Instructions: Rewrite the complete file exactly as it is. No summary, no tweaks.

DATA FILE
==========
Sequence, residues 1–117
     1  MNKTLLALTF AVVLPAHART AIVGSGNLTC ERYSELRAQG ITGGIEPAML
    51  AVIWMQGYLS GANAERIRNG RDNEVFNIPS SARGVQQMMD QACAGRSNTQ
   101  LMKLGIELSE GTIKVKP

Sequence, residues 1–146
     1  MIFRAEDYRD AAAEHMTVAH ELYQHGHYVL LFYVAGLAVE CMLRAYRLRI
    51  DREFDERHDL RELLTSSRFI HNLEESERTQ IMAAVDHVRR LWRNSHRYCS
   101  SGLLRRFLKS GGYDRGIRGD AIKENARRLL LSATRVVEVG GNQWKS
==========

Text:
Sequence, residues 1–117
     1  MNKTLLALTF AVVLPAHART AIVGSGNLTC ERYSELRAQG ITGGIEPAML
    51  AVIWMQGYLS GANAERIRNG RDNEVFNIPS SARGVQQMMD QACAGRSNTQ
   101  LMKLGIELSE GTIKVKP

Sequence, residues 1–146
     1  MIFRAEDYRD AAAEHMTVAH ELYQHGHYVL LFYVAGLAVE CMLRAYRLRI
    51  DREFDERHDL RELLTSSRFI HNLEESERTQ IMAAVDHVRR LWRNSHRYCS
   101  SGLLRRFLKS GGYDRGIRGD AIKENARRLL LSATRVVEVG GNQWKS